The lower bag as best shown in FIG. 1 at 25 is fitted with a tube for returning the spillage and collecting the spilled materials for later removal through the emptying tube located at 26. This tube is fitted with a cork 29 in the opening 28 to facilitate removal of the contents, and is connected to the collector bag through a slot at 27, but such fittings although described and illustrated herein are not to be construed as limited to soley such means of closure and obviously screw caps and other means of closure could as easily be provided.

My recycling seed dispenser is intended to be attached to any standard size vertical wire mesh wall of suitable area to accommodate the length and breadth of the dispenser and its methods and means for attachment. The means of attachment are through the use of two universal support wire configurations. The upper universal wire supporter arm follows the same method for attachment and of structural configuration for attachment in FIG. 8, between points of bend 7, 8, and 9, as that for the lower universal wire supporter arm as shown in FIG. 9, between points of bend 39, 40 and 41, and may most clearly be described in a position of attachment to a wire matrix wall such as that shown in FIG. 1 at 44 comprised of regular square or rectangular grids, whereby a short bend as in FIG. 1 at 9 thrusts into and abuts the bottom and left edges of a wire grid with its inner axis of bend, while the wire remaining outside that grid bends laterally to the left to 8, then, bends in, with its inner axis of bend abutting the right edge of the grid cited and the wire remaining thus behind that grid, as repeated also at 19 on the lower universal wire supporter arm, bends vertically and about 3 off the vertical and to the right to 7, which is above and behind the vertical wire making up the right edge of the grid sited at 8, thrusting forward and out of the grid at 7 thereafter and extending perpendicular to the plane of the wire cloth grid with the upper universal wire supporter arm ending in a loop as shown in FIG. 9 at 24. The upper universal wire supporter arm fits into the sleeve of the storage bag in FIG. 1 at 3 and is located between the entry slot 6 and the circular bend through which a paper fastener is inserted at 4 which paper fastener prevents the attached storage bag from sliding off its supporter arm. The lower universal wire supporter arm differs structurally from the upper universal wire supporter arm in that after FIG. 9 at 39 which bend is the same as FIG. 8 at 7, it has two additional bends as shown in FIG. 9 at 38 and 37, which bends accommodate the passage of the spill return tube of FIG. 4 at 20, but which then serve to support the lower collector bag 25 through the insertion of the remaining section of wire as shown in FIG. 9 between points of bend 37 and 24, into a sleeve opening on the collector bag as shown in FIG. 16 at 22 and with the use of a circular bend in the wire supporter arm through which another paper fastener may be inserted for further securing the lower universal wire supporter arm to the collector bag as shown in FIG. 9 at 24.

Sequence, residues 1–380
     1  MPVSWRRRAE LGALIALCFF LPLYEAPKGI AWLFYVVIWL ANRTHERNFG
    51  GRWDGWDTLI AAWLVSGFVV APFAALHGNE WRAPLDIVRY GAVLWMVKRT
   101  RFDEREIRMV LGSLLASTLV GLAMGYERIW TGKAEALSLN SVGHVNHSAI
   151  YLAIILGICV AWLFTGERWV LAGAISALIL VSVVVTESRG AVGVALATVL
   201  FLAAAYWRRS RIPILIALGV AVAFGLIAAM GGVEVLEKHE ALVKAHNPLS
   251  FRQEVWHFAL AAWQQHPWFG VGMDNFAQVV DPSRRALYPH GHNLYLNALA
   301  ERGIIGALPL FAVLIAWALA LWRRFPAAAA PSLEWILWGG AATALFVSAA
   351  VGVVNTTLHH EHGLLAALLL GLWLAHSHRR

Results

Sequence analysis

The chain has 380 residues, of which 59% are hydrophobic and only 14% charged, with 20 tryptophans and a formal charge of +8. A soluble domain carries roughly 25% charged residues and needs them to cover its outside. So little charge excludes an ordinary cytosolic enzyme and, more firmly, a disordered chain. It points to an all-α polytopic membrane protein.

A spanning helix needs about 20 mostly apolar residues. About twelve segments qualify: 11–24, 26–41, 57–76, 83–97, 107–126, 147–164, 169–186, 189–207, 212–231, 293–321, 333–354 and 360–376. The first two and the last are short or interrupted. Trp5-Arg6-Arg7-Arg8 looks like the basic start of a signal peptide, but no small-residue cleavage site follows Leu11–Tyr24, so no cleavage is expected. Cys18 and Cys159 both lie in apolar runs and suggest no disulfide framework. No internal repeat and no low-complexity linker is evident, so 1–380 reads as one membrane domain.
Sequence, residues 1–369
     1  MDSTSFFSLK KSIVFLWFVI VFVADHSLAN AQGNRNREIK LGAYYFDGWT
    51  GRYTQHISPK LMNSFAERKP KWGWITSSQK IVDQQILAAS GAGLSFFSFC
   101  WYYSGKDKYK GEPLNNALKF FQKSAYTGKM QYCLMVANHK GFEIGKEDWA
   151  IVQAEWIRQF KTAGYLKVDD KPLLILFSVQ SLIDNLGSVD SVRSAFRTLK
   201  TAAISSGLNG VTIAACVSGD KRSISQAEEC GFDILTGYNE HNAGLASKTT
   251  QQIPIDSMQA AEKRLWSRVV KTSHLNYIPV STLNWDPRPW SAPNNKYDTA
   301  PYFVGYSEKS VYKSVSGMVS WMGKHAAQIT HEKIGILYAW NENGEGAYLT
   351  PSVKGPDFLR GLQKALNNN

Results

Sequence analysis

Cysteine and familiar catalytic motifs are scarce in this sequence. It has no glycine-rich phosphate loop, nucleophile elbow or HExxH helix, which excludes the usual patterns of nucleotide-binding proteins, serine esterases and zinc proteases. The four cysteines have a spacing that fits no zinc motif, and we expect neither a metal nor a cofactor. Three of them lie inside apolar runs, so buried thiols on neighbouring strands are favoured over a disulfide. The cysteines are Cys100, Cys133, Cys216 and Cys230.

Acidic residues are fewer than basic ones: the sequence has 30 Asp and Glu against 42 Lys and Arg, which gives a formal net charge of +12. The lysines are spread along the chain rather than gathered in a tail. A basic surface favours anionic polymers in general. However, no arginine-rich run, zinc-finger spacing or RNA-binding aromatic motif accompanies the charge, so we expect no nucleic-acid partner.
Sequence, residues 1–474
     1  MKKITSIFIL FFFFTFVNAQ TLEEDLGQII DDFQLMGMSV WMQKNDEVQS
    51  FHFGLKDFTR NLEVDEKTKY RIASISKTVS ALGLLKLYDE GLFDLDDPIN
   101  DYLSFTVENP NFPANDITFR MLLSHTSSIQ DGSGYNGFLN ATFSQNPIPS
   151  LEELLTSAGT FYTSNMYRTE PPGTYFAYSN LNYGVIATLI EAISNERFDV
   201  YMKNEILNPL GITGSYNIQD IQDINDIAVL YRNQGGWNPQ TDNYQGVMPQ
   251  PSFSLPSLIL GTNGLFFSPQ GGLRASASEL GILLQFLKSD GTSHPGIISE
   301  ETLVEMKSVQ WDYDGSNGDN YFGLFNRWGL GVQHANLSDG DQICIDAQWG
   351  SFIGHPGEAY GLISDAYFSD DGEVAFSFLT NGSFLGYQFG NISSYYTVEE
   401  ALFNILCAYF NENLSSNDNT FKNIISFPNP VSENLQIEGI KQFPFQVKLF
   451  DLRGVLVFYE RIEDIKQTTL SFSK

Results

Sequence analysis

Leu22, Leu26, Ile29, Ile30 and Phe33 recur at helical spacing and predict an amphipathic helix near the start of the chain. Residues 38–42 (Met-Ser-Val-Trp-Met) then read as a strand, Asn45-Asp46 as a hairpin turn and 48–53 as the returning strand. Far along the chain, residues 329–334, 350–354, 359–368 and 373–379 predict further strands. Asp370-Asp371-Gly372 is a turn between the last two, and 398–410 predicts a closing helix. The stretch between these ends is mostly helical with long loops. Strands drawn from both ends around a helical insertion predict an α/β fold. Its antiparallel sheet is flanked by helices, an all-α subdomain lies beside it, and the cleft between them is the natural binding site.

Inasmuch as many changes could be made in the preceeding construction and many apparently widely different embodiments of this invention could be made without departing from the scope thereof, it is intended that all matter contained in the above description or shown in the accompanying drawings shall be illustrative and not in a limiting sense.

It is also to be understood that the language in the following claim is intended to cover all of the generic and specific features of the invention herein described and all statements of the scope of the invention which, as a matter of language, might be said to fall therebetween.

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Referenced by
Citing PatentFiling datePublication dateApplicantTitle
US5771838 *Apr 15, 1996Jun 30, 1998Bloom; David ScottBird feeder with feed recapture reservoir
US5894815 *Jun 17, 1997Apr 20, 1999Hamilton; PeterBoredom-reducing feeding device for caged animals
US5924380 *Dec 18, 1997Jul 20, 1999Rayborn; Gary DavidProtected feeding and watering system for upland game birds
US6877645Jan 2, 2003Apr 12, 2005Six Continents Hotels, Inc.Container for dispensing comestibles
US8235005 *Jul 27, 2010Aug 7, 2012Kaytee Products IncorporatedSmall animal treat dispenser
WO2009106568A1Feb 26, 2009Sep 3, 2009International Business Machines CorporationVirtual machine and programming language for event processing
U.S. Classification119/469, 119/475
International ClassificationA01K39/012, A01K1/035
Cooperative ClassificationA01K39/012, A01K1/0356
European ClassificationA01K39/012, A01K1/035C